When a saver marries a spender

Here are five tips for when you and your spouse have different views on money.

When a saver marries a spender

Here are five tips for when you and your spouse have different views on money.
  • Editor's note: This article was originally published on Lindsey Bell's blog. It has been republished here with permission.

  • I am a natural saver … always have been.

  • My husband, on the other hand, is a natural spender. He typically already knows how he will spend his money before he receives it.

  • Money could easily become an issue of conflict in our home, but for a few reasons (that I'll share below), it hasn't often done so.

  • _Just because a saver marries a spender does not mean conflict is inevitable._

  • Here are a few ways to prevent the conflict before it happens:

  • What to do when a saver marries a spender

  • 1. Have a monthly money meeting

  • My husband and I sit down once a month to talk about finances. Is it something we enjoy? Not really. Is it our idea of a thrilling evening? Definitely not. But it's necessary and beneficial to our marriage.

  • We talk about what we did well with our finances last month and what we'd like to do differently in the coming month. We look at our budget and make adjustments (more on that in the next point).

  • 2. Live on a budget

  • I know some people hate living on a budget. They feel like it prevents them from ever doing anything fun with their money. They hate the amount of work it entails. They don't like to be "told" what to do with their hard-earned money.

  • But here's the thing. Living on a budget enables both my husband and me to have a say in the way our finances are handled. We set up the budget TOGETHER, and we make changes TOGETHER. We decide beforehand how much "blow money" each of us will receive, as well as how much money we will save. Living on a budget stops many arguments before they even have time to develop because we both know ahead of time how most of our money will be spent.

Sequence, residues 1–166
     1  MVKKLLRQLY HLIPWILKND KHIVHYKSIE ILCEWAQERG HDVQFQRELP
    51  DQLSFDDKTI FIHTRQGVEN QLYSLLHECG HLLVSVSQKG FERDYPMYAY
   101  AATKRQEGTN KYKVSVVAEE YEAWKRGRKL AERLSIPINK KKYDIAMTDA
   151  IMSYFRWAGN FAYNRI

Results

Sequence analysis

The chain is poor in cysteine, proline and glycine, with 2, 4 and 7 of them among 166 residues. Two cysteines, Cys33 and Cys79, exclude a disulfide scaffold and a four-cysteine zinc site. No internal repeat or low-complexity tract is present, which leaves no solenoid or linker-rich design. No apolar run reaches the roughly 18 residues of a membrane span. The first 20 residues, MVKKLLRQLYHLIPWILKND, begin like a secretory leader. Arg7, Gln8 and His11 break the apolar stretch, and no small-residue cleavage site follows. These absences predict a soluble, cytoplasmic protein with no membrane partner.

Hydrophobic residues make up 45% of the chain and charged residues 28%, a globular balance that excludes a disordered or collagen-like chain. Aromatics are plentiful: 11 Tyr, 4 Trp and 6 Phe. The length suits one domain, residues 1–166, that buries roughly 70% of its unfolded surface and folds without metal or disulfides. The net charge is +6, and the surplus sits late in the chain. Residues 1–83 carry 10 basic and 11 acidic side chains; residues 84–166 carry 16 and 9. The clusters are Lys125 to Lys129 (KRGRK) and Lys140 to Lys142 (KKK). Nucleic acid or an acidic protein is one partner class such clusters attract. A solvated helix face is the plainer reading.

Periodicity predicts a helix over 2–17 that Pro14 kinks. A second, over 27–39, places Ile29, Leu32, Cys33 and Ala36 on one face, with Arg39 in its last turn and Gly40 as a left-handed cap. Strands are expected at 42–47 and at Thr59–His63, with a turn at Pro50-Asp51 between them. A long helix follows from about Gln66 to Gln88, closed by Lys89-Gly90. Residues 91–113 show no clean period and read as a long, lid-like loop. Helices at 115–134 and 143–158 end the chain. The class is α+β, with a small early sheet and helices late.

• My husband knows he will get money that he can spend on whatever he wants (without my judgment or questions). I do as well.

  • 3. Decide on an "approval limit."

  • If something comes up outside of your normal budgeted needs (which could happen often!), have a plan of what you will do. Decide on a certain amount that either of you can spend without seeking the approval of the other person. Then, if something comes up that is over the "approval limit," talk to your spouse before you spend the money.

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  • 4. Compromise

  • There are many times my husband has graciously agreed to forgo a purchase because of my desire to not spend money. There have also been many times I have agreed to spend some extra cash on something my husband really desires.

  • _The key to handling money issues in marriage is communication and compromise._If either of these elements are missing from a marriage, disagreements are sure to come.

  • 5. Value the differences of your spouse

  • My husband has taught me a lot about enjoying life, easing up, and trusting God with my future. I hope I have taught him about being prepared and saving for emergencies. We complement each other. His desire to spend isn't wrong, any more than my desire to save.

  • We are different, and these differences - when viewed appropriately - can make our marriage so much stronger.

Lindsey Bell is the author of the parenting devotional, Searching for Sanity. She's also a speaker for women's events, a blogger, and a stay-at-home mother to two crazy boys.


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